More than 800 employees work at VEMAG Maschinenbau GmbH and manufacture machines at the Verden site, e.g. B. for the food industry and crafts. The company is now testing a new working time model in some areas.
“We want to enable our employees in production to organize their work and private lives more individually and more flexibly according to their living conditions. Therefore, as a mechanical engineering company, we are currently testing how we can implement a four-day week for the late shift,” explains Annette Loch, Team Leader Recruiting & Talent Management at VEMAG Maschinenbau, about the project.
The pilot phase of the four-day week is already underway and the new model has been very well received. Many of the assembly workers accept the company’s offer. The model was developed by the assembly groups together with the group leaders. During implementation, the employees of the shift coordinate with the group leaders to ensure a smooth production process. “This process is a challenge because the order books are full,” explains Frank Rademacher. As group leader, he is responsible for the assembly of the industrial machines and observes that many of his employees use the four-day week to e.g. B. to get involved more intensively in voluntary work or simply to have more time for family or hobbies.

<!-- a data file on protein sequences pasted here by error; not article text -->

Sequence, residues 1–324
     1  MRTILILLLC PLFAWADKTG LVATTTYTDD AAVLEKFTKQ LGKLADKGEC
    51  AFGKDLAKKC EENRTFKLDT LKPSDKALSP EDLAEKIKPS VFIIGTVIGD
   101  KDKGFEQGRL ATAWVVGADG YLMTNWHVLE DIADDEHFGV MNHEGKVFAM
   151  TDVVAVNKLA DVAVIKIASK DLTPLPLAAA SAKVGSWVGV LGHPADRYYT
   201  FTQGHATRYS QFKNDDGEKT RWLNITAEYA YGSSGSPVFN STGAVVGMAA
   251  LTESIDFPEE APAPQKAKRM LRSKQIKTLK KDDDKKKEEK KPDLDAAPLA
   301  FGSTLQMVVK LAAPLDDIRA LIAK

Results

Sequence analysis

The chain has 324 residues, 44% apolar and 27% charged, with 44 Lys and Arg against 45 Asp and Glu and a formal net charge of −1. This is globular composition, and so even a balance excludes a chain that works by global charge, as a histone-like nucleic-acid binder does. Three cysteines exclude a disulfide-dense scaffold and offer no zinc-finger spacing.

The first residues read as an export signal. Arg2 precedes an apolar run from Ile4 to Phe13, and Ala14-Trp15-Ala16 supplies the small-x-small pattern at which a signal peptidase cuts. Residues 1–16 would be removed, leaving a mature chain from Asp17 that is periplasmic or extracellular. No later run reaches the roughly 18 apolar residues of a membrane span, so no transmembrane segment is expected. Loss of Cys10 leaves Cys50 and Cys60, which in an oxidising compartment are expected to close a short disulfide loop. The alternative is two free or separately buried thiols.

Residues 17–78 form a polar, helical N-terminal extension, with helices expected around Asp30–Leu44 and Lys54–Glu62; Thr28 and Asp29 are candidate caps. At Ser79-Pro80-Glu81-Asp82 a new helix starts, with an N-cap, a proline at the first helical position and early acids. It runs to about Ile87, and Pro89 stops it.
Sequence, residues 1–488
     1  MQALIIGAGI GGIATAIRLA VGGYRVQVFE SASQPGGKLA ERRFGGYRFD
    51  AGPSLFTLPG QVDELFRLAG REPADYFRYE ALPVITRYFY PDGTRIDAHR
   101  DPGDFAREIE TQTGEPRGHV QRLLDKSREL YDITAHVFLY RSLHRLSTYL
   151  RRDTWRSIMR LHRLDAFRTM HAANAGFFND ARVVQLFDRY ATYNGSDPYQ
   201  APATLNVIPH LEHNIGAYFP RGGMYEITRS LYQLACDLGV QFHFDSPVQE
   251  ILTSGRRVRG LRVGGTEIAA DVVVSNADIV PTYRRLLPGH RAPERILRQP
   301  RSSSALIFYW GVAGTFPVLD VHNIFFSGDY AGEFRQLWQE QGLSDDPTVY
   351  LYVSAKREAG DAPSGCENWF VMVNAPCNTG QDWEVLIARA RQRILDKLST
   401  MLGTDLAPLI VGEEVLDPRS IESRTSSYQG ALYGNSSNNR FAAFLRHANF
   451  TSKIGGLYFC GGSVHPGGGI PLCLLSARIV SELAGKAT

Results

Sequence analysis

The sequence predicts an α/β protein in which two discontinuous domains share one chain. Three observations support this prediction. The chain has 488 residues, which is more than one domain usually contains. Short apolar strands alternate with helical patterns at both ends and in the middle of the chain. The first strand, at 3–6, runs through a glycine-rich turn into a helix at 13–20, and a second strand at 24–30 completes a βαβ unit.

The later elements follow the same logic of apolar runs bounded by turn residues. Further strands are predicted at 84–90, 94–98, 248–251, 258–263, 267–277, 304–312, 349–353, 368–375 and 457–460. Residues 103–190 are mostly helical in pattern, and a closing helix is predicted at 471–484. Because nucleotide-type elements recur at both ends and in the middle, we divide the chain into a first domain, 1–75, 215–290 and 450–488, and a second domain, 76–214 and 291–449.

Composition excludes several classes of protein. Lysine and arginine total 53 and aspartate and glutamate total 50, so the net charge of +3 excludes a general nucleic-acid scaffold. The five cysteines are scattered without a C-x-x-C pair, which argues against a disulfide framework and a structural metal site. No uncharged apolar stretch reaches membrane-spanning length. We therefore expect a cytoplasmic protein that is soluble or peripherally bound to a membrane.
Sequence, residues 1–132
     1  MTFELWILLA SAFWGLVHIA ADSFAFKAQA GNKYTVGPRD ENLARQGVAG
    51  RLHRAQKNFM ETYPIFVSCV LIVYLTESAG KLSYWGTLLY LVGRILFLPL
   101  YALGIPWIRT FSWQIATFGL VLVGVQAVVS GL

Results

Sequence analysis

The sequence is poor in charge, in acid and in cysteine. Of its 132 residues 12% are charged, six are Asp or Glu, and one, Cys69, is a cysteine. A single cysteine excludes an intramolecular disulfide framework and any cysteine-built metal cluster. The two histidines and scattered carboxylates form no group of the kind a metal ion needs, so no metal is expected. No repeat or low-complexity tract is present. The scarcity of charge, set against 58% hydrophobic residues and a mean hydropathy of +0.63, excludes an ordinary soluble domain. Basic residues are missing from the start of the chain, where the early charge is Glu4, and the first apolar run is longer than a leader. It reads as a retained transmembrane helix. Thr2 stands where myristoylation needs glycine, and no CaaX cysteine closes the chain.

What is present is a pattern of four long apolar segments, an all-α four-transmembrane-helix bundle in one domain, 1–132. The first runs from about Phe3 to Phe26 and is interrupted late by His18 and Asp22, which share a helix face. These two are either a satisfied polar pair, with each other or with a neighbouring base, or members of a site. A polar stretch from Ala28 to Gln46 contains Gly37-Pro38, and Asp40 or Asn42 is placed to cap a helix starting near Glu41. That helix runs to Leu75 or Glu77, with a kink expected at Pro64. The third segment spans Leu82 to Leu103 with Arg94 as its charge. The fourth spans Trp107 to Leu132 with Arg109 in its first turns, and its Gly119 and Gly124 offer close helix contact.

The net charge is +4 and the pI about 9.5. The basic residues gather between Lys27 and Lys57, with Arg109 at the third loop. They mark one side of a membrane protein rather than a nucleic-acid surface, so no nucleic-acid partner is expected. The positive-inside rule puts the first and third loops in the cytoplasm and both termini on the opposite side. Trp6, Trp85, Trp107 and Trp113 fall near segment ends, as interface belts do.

In the tested working time model of the four-day week, the work is not reduced compared to the five-day week, but the working time is spread over four days. “At the end of the week there are 35 hours on the clock. However, the four-day week results in one day off, which can be used completely, e.g. B. can be used for leisure activities such as sports or a long weekend,” explains Uwe Gerking, Human Resources Manager at VEMAG Maschinenbau GmbH, the concept.
The company hopes for a win-win situation. On the one hand, the four-day week could make work processes more productive and, on the other hand, VEMAG promises to increase employee satisfaction. Uwe Gerking and Annette Loch see the flexibilization of working hours as an essential element in adapting jobs to changes in our society and, e.g. B. to be able to better reconcile family and professional life. “The model could also be a concrete competitive advantage,” adds Loch.
The company would like to continue to position itself as an interesting and secure employer or training company in the region in order to be able to continue to grow in the future and to secure the location on the Weserstraße. The testing of the four-day week should now show whether the new model is reaching its limits in a production company and whether the employees of the mechanical engineering company accept the working time model or whether there is a need at all. The feedback from employees has been very positive so far.
More information about this at www.vemag.de.